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Steele dossier source heads to trial, in possible last stand for Durham

Special counsel John Durham, the prosecutor appointed to investigate potential government wrongdoing in the early days of the Trump-Russia probe, arrives at the E. Barrett Prettyman Federal Courthouse in D.C. this year. (Evan Vucci/AP)

Former president Donald Trump said special counsel John Durham’s investigation into the origins of the FBI’s 2016 Russia probe should “reveal corruption at a level never seen before in our country.”

But the special counsel’s nearly 3½-year examination seems destined for a less dramatic conclusion this month in a federal courthouse in Alexandria, Va., where Durham will put on trial a private researcher he says lied to the FBI.

Igor Danchenko — a researcher who fed information to former British spy Christopher Steele, and whose contributions ended up in the now-infamous “Steele dossier” of allegations about Trump’s ties to Russia in 2016 — goes on trial Tuesday. The trial is expected to last one week.

Danchenko was indicted on charges of lying to FBI agents who interviewed him in 2017 about the sources behind his claims to Steele. Defense attorneys argue that Danchenko made “equivocal” statements to the FBI and should not be penalized for giving wishy-washy answers to vaguely worded questions.

Whatever the outcome, the Danchenko trial is shaping up to be Durham’s last stand in court.

John Durham has a stellar reputation for investigating corruption. Some fear his work for Barr could tarnish it.

A grand jury Durham had been using in Alexandria is now inactive, according to two people familiar with the matter who spoke on the condition of anonymity because of the pending legal proceedings. It is not clear whether Durham is still using a grand jury in D.C.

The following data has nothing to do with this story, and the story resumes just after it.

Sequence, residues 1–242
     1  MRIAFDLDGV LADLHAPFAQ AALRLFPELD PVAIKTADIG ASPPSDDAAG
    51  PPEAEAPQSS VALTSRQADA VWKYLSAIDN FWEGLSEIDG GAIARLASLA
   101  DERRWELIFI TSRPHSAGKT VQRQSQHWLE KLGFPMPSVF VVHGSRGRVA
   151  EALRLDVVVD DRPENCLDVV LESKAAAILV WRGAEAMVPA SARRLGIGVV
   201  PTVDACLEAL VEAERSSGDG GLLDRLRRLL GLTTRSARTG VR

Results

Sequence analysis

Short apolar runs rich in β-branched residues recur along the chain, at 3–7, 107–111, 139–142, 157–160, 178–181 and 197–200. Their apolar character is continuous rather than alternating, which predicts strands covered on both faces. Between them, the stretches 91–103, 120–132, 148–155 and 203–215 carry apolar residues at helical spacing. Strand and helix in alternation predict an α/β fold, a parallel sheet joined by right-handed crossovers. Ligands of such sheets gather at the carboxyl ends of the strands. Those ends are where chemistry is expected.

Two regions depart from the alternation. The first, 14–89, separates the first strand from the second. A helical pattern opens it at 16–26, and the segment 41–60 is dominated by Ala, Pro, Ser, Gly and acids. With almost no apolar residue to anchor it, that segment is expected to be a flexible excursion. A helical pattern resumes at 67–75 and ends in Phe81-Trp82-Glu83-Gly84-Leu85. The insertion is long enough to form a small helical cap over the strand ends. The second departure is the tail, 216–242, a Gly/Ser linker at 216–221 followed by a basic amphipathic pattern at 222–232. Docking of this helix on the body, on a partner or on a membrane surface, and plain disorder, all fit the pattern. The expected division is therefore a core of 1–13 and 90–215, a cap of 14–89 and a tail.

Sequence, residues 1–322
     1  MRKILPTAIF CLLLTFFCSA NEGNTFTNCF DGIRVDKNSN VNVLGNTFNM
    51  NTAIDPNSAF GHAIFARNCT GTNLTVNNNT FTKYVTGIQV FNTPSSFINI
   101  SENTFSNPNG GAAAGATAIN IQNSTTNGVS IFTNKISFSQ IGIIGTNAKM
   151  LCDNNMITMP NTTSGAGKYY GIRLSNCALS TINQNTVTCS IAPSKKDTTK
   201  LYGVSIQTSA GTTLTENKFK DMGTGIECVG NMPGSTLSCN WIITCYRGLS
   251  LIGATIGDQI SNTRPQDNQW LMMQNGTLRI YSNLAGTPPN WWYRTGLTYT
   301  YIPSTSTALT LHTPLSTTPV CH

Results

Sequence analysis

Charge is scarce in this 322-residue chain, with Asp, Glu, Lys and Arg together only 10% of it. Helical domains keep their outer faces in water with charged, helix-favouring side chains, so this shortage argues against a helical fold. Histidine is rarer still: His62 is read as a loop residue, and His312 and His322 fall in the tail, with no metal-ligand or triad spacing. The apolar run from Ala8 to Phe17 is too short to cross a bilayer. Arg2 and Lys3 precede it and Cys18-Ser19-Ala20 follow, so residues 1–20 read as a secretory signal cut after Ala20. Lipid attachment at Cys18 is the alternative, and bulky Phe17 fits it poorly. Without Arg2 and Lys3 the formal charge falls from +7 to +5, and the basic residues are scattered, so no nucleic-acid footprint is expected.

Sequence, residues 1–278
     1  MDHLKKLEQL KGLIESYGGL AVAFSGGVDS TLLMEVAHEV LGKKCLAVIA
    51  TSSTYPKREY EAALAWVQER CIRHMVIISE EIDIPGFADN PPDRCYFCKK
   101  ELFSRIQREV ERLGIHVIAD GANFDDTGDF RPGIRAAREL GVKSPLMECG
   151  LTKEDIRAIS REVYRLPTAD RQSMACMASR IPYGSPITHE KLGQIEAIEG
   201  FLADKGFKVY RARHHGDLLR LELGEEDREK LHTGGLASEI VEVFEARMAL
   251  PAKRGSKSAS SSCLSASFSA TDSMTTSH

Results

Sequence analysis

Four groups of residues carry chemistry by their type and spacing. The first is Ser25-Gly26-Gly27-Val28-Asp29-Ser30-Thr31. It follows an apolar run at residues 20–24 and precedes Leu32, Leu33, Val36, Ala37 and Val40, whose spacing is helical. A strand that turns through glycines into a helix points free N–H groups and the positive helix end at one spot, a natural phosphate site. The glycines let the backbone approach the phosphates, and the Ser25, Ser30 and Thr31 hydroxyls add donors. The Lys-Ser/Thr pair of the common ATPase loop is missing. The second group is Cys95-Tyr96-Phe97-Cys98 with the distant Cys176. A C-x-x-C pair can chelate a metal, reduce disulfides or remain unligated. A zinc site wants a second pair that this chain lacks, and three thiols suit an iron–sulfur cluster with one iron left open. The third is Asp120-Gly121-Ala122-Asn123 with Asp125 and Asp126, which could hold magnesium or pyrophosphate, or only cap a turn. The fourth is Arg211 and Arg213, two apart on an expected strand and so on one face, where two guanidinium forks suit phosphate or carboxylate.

Durham was tasked with writing a report summarizing his investigation, as former special counsel Robert S. Mueller III did at the close of his earlier probe into Trump and Russia. But it would be up to Attorney General Merrick Garland how much, if any, of Durham’s report to make public.

“The public is waiting ‘with bated breath’ for the Durham Report, which should reveal corruption at a level never seen before in our country,” Trump wrote in August on his social media platform, Truth Social, after FBI agents raided his Mar-a-Lago complex.

Durham, a longtime federal prosecutor who served as the U.S. attorney in Connecticut in the Trump administration, was asked by then-Attorney General William P. Barr in 2019 to dig into the origins of the FBI’s Crossfire Hurricane investigation into possible coordination between Trump and Russia in the 2016 presidential campaign. A report by the Justice Department’s inspector general in 2019 criticized the FBI for not noting doubts about the veracity of the information that it used to seek court approval of secret surveillance on a former Trump campaign adviser, though the inspector general said he found no evidence of political bias in the agency’s decision-making. Barr, a Trump appointee, had complained that the 2016 probe was initiated on the “thinnest” of evidence.

Barr later appointed Durham as a special counsel and directed him to write a final report “in a form that will permit public dissemination.”

The special counsel trained his sights in large part on the FBI’s use of reports Steele produced, which are now commonly referred to as the Steele dossier. Steele had been hired to produce the reports by research firm Fusion GPS, which had been retained by a law firm that represented Trump’s opponent, Hillary Clinton, and the Democratic National Committee. Fusion GPS initially had been hired to dig into Trump’s background by a website funded by a deep-pocketed GOP donor.

Years after they began digging, Durham and his team have found only mixed success. The Danchenko case marks the second time the prosecutor who was supposed to root out dishonesty and misconduct within the ranks of the FBI and intelligence agencies will instead try to portray the FBI as victims, not perpetrators, of lies and deception.